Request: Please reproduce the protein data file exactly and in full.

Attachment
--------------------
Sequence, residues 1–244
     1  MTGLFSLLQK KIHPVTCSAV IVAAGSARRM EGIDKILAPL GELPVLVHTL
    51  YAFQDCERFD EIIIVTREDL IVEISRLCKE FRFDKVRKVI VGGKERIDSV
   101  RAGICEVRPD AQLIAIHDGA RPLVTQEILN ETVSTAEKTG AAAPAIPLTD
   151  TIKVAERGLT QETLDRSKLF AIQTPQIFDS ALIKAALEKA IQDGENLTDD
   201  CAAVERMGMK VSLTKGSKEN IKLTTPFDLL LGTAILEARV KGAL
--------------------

Sequence, residues 1–244
     1  MTGLFSLLQK KIHPVTCSAV IVAAGSARRM EGIDKILAPL GELPVLVHTL
    51  YAFQDCERFD EIIIVTREDL IVEISRLCKE FRFDKVRKVI VGGKERIDSV
   101  RAGICEVRPD AQLIAIHDGA RPLVTQEILN ETVSTAEKTG AAAPAIPLTD
   151  TIKVAERGLT QETLDRSKLF AIQTPQIFDS ALIKAALEKA IQDGENLTDD
   201  CAAVERMGMK VSLTKGSKEN IKLTTPFDLL LGTAILEARV KGAL